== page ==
A specimen of the botany of New Holland/Pultenaea stipularis

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PULTENAEA stipularis.

Scaly Pultenæa.


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DECANDRIA Monogynia. Fl. of many unequal petals.

Gen. Char. Cal. quinquedentatus, utrinque appendiculatus. Cor. papilionacea: alis vexillo brevioribus. Legumen uniloculare, dispermum.

Cal. five-toothed, with an appendage on each side. Cor. papilionaceous; the wings shorter than the standard. Pod of one cell, with two seeds.

Spec. Char. P. foliis linearibus mucronulatis subciliatis, stipulis solitariis binerviis laceris.

Leaves linear, tipped with a small point, slightly ciliated. Stipulæ solitary, two-nerved, lacerated.





NEW Holland abounds with papilionaceous plants, mostly belonging to new genera, and many of them having perfectly distinct stamina, which therefore can by no means be admitted into the class Diadelphia, but must come next to Sophora in that of Decandria. The plant before us is one among several species which constitute one of the most distinct of these genera, and to which we have given the name of Pultenæa in order to commemorate the merits of a very amiable and deserving English Botanist, Dr. Richard Pulteney, F.R. and F.L.S, of Blandford in Dorsetshire, well known by his Sketches of the Progress of Botany in England, and more especially by his Biography of Linnæus.

This genus differs materially from the true Sophoræ, in having a roundish pod of one cell, and only two seeds, instead of a long many-seeded pod divided into numerous cells; and although many of the Cape Sophoræ do indeed approach Pultenæa in their fruit, the last mentioned genus is essentially distinguished from them, and all others we have hitherto seen, by the two appendages to the calyx, affixed either to its base or sides.

We received a living specimen of this plant from Mr. Alexander Murray, gardener to Benjamin Robertson, Esq. at Stockwell, who raised it late in the autumn of 1792 from seeds brought from New South Wales. It first flowered in April 1794.

The stem is shrubby, variously branched, round; the wood hard and whitish; bark brown, covered more or less with withered bristly stipulæ: branches long and straight, pointing upwards, clothed with leaves, and terminated by round heads of handsome yellow inodorous flowers. The leaves surround the branches in great numbers without any regular order, and are linear, very narrow, tipped with a little sharp point, entire, smooth, without any projecting vein or nerve, most frequently ciliated with fine stiff hairs. Footstalks very short, pale and smooth, erect at night, by which the leaves become closely pressed to the branch, and imbricated one over the other, though in the day time, and especially in bright sunshine, they spread horizontally. The very remarkable stipulæ stand solitary just above the insertion of each footstalk, erect, and close-pressed to the branch, whose bark they by that means completely conceal; they are brown, of a chaffy texture, lanceolate, cloven and sometimes laciniated, furnished with two parallel nerves. The flowers are about twenty or more, in a round head, among spreading leaves, and the branch they at first terminate is at length sometimes protruded beyond them, by which they become verticillate; each stands on a short, round, smooth flowerstalk, with bracteæ like the leaves, but smaller, and likewise accompanied with stipulæ. Calyx slightly campanulate, red, divided half way down into five acute, spreading, ciliated teeth, of which the two uppermost are the shortest and broadest; between them and the next pair stand the two appendages which make a material part of the generic character, and which agree exactly in appearance with the proper teeth, except in being somewhat narrower, and inserted, one on each side, about half way down the entire part of the calyx, to which their lower end is closely applied, so that they make the calyx appear to have seven teeth of equal length. Corolla of five petals. Standard with a firm horizontal claw, its limb erect, round, slightly notched, the two sides generally folded together, deep yellow, with a red semicircular line near the base. Wings nearly linear, obtuse, concave, with a large tooth at the base, deep yellow, horizontal, much shorter than the standard. Keel of two pale yellow, obovate, concave petals, as long as the wings, strongly connected by their lower edge, and with a tooth near their base on the upper. Stamina all nearly equal, somewhat shorter than the keel, a little declining; filaments inserted into the receptacle, cylindrical, tapering to a point; antheræ small, roundish. Germen small, green, oval, smooth, tipped with a tuft of white hair, and containing the rudiments of two or three seeds; style longer than the stamina, subulate, recurved, smooth; stigma acute. Pod scarcely longer than the calyx, roundish, pointed, turgid, brown, hairy at the extremity, of one cell, containing two seeds on short footstalks, inserted into the upper edge of each valve near the base.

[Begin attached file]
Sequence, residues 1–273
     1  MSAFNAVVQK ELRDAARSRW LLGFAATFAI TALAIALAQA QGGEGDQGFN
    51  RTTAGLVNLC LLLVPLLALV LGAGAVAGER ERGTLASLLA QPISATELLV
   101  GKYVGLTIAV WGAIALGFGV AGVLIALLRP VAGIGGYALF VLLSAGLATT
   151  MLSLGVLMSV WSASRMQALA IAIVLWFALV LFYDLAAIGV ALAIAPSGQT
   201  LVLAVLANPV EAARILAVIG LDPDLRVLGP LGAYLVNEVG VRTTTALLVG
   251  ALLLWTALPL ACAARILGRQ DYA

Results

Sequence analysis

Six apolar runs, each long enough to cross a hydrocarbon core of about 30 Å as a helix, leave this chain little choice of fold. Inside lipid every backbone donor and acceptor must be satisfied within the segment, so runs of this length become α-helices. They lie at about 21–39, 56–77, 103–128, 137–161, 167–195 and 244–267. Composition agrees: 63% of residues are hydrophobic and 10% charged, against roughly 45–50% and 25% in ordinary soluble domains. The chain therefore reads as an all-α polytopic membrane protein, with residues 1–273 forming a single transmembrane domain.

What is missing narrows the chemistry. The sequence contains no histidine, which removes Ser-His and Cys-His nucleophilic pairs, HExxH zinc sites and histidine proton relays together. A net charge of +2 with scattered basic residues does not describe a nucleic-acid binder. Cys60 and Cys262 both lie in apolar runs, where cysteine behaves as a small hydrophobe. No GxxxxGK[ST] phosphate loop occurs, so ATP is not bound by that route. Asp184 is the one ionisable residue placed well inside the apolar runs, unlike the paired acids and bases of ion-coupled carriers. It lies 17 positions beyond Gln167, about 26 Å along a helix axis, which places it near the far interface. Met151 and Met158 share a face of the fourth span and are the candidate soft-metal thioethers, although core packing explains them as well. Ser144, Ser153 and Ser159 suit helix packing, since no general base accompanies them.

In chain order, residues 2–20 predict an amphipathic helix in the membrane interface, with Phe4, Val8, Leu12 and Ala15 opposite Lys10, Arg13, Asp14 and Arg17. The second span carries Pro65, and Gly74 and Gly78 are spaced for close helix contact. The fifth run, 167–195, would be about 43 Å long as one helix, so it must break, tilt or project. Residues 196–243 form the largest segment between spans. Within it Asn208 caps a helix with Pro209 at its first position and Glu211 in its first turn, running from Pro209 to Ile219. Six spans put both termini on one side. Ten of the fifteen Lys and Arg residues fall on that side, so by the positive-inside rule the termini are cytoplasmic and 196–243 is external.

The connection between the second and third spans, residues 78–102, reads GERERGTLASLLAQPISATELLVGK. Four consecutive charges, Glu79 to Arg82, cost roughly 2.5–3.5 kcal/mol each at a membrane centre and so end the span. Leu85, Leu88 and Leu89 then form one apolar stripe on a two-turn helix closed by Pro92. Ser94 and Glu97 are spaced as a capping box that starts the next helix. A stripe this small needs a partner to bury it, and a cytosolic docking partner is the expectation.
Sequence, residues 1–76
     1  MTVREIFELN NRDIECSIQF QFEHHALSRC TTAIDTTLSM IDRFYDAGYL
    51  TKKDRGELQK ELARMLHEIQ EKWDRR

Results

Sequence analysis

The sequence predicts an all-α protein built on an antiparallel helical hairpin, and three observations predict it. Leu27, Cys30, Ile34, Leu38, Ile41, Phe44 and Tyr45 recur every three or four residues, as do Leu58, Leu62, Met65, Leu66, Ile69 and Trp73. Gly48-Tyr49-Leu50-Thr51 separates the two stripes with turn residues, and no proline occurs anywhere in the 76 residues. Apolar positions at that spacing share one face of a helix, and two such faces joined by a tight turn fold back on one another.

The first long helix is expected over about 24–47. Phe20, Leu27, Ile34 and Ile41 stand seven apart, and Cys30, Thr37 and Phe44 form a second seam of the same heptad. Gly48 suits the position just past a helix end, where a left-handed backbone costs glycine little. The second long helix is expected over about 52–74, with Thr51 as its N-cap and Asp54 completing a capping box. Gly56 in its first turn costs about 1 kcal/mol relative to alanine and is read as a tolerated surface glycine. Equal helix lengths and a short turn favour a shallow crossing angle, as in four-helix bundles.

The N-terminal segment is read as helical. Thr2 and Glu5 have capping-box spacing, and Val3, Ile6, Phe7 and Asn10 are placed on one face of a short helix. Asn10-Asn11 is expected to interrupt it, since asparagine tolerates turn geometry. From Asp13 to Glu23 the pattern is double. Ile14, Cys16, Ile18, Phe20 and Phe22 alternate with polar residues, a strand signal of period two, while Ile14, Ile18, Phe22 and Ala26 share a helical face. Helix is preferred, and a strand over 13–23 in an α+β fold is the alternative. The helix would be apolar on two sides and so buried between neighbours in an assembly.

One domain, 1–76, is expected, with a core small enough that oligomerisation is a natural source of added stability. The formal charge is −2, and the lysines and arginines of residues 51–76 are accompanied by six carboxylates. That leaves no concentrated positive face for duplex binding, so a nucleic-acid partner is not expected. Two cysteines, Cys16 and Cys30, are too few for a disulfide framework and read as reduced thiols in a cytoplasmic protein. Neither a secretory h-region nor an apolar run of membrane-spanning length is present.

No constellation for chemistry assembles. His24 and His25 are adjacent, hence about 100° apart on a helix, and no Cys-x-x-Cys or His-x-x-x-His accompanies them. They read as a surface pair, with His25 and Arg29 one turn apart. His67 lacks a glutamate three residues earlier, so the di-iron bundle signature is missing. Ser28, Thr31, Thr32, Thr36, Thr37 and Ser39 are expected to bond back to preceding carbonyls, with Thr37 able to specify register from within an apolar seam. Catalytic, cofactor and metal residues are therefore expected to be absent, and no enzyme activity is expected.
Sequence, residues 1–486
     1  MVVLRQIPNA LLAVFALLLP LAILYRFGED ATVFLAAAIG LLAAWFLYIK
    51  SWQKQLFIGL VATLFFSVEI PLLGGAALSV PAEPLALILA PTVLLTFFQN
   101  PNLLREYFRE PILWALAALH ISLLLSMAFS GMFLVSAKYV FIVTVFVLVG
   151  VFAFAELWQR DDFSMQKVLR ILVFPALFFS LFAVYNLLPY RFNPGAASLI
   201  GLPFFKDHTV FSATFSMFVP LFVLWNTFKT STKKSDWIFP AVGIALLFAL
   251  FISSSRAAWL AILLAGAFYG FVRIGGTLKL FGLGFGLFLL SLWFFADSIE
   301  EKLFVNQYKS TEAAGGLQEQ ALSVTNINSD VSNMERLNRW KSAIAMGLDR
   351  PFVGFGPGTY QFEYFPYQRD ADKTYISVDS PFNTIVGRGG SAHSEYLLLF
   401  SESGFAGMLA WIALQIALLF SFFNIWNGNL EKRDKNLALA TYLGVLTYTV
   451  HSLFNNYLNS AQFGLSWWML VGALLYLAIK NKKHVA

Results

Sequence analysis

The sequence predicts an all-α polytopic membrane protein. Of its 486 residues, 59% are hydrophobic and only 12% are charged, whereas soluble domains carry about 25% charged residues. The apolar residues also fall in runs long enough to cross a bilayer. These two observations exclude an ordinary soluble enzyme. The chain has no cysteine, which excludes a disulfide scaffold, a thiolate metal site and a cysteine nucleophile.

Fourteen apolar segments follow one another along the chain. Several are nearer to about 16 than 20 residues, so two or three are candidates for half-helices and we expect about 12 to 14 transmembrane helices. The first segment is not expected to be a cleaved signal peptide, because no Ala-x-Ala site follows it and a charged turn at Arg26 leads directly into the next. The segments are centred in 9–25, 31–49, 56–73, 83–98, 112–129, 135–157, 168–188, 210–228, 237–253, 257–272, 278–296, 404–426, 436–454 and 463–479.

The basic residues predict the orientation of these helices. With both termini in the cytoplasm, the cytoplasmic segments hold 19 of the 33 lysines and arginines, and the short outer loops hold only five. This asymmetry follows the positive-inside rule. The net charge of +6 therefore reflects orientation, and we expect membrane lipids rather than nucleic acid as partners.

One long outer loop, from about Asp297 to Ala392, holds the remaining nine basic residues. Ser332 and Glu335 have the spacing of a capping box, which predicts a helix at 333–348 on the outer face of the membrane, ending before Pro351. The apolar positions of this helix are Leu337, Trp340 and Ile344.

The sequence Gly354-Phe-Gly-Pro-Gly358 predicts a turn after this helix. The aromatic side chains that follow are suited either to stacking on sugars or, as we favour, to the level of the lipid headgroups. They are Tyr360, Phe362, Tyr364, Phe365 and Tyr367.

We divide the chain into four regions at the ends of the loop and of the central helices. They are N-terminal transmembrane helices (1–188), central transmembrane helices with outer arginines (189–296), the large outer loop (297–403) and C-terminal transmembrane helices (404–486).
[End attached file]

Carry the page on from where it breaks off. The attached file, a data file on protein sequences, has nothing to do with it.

The plant appears to abound with mucilage, especially the leaves.


EXPLANATION of TAB. XII.

1. A Leaf with its stipula. 2. Floral leaf and the stipula which accompanies it. 3. Calyx. 4. Its appendages. 5. Standard. 6. A Wing. 7. Keel. 8. Stamina and Pistillum. 9. Pistillum along. 10. Rudiments of Seeds. 11. Pod invested with the permanent calyx.